rapper
		Darren Flook,
		art gallerist
	GOING OUT
		Dan Simon,
		rickshaw-rider
		Daniel Serrano,
		cruiser
		Emmajo Read,
		nightclub door attendant
		Smartie,
		Londoner
PART III
	MAKING A LIFE
		Jo the Geordie
		who stayed in Newcastle
		Stacey the Geordie,
		who came to London
	GETTING ALONG
		Ed Husain,
		commentator
		Abul Azad,
		social worker
		Nicola Owen,
		teacher
		Guity Keens,
		interpreter
		Lucy Skilbeck,
		mother
	KEEPING THE PEACE
		Paul Jones,
		home security expert
		Colin Hendricks,
		police officer
		Nick Smith,
		riot witness
		Mohammed Al Hasan,
		suspect
		David Obiri, Jeremy Ranga and Keshav Gupta,
		barristers
		Charles Henty,
		Under-Sheriff and Secondary of London
		Barbara Tucker,
		protester
	STAYING ON TOP
		Stuart Fraser, Chairman,
		Policy and Resources
		Toby Murthwaite,
		student
		Paul Hawtin,
		hedge fund manager
		George Iacobescu,
		Canary Wharf developer
	LIVING AND DYING
		Alison Cathcart,
		marriage registrar
		Alex Blake,
		eyewitness
		Perry Powell, paramedic
		John Harris,
		funeral director
		Spencer Lee,
		crematorium technician
	DEPARTING
		Michael Linington,
		seeker
		Rob de Groot,
		antique clock restorer
		Ethel Hardy,
		old-age pensioner
		Ludmila Olszewska,
		former Londoner
		Smartie,
		Londoner
		Kevin Pover,
		commercial airline pilot
	Acknowledgements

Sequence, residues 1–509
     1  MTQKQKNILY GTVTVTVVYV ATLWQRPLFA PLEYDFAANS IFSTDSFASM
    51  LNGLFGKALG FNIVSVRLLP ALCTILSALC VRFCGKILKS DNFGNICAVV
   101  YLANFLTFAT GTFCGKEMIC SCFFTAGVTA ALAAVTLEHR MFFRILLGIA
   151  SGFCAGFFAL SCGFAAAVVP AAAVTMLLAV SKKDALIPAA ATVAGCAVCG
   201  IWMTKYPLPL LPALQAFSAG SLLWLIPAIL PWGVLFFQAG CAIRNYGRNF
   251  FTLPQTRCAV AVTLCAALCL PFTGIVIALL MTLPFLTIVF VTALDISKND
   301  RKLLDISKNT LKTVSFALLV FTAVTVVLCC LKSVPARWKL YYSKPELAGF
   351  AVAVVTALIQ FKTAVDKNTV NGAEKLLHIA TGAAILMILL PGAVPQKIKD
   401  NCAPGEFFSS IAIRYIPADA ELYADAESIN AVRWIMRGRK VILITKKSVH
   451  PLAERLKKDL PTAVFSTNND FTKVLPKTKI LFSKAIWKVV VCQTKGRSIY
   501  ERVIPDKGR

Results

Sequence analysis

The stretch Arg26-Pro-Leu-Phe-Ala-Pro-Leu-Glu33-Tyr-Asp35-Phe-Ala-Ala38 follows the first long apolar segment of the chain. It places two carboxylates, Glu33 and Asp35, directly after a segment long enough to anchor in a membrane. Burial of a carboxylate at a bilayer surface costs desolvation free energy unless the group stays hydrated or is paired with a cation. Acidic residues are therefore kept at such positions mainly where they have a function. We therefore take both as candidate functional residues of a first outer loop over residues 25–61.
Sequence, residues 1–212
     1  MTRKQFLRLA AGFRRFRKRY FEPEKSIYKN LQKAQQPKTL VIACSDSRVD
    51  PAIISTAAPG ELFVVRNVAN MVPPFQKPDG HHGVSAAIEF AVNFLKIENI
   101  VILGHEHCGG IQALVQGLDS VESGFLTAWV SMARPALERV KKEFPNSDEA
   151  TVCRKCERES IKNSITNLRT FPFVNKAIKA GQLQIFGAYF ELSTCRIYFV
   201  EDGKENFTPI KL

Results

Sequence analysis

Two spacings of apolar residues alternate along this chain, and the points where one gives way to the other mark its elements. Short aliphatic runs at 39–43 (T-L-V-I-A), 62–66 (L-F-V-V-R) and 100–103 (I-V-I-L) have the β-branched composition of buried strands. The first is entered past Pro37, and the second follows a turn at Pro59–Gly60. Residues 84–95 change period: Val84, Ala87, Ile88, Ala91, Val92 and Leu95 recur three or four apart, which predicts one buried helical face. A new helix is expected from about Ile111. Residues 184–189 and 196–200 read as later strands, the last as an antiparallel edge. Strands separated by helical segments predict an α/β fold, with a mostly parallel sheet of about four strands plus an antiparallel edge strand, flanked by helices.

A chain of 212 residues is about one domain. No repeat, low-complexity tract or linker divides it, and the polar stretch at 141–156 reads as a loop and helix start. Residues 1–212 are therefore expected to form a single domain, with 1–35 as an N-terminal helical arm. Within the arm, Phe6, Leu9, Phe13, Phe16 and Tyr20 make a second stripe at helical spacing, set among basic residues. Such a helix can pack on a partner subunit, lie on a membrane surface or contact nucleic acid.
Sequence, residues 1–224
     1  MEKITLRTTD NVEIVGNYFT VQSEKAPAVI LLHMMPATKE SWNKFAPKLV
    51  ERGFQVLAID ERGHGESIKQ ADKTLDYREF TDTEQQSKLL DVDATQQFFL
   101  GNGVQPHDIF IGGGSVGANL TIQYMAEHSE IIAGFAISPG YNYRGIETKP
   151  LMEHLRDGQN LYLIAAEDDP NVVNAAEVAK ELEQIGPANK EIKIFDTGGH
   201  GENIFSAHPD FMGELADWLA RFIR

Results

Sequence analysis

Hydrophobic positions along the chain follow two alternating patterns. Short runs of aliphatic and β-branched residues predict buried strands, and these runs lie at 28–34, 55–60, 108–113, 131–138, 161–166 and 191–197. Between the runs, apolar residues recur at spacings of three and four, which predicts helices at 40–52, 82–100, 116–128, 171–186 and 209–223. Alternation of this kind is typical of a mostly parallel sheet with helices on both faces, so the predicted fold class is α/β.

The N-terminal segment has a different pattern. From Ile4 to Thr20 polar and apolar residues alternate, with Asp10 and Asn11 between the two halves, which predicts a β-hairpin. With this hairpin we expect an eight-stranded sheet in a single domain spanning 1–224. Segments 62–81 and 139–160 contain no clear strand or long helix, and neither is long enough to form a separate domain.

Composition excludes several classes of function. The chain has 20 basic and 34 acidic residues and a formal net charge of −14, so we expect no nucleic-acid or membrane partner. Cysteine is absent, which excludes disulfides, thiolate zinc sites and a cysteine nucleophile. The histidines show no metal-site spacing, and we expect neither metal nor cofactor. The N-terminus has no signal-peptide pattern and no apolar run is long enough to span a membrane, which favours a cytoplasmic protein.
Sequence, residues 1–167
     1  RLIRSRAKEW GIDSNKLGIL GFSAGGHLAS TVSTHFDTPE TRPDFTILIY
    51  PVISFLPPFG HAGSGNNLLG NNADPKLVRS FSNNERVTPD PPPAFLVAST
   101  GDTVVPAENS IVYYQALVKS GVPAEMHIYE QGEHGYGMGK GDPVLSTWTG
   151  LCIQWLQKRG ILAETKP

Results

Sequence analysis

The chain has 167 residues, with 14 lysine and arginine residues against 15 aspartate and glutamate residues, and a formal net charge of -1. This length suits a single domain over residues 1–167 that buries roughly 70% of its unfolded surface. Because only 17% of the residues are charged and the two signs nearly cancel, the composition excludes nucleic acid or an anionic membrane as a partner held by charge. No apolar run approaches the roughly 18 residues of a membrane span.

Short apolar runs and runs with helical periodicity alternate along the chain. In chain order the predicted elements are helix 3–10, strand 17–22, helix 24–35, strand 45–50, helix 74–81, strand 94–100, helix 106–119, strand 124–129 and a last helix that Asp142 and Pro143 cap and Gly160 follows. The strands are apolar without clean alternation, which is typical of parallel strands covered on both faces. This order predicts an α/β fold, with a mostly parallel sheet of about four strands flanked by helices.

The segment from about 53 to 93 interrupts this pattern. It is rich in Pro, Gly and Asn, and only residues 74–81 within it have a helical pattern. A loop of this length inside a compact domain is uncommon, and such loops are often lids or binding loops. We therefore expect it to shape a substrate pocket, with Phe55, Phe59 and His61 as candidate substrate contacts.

Index
	Also by Craig Taylor
	Copyright
                        
Document Text Contents
Page 2

Londoners

The Days and Nights of London Now –
As Told by Those Who Love It, Hate It,

Live It, Left It and Long for It

Craig Taylor

Page 191

ten properties.
When I bought my first property, I rolled on the carpet. It was in Bromley, in

zone 5, and for the first six months I had bailiffs knocking on my door every
other week because I was defaulting on bills. But I knew I had a property. I said
to myself, this is carpet. Well, actually it wasn’t mine, it was the bank’s
carpet. I didn’t own any of it really. But I always do that – you know, touch the
walls, roll around, say out loud: it’s mine. Even with the new ones that I buy
now, I get very excited because it’s a chunk of London that’s mine.
It’s never too late to get on the ladder. We try and make them realize that if

they use their brain and use the right connections with regard to finance then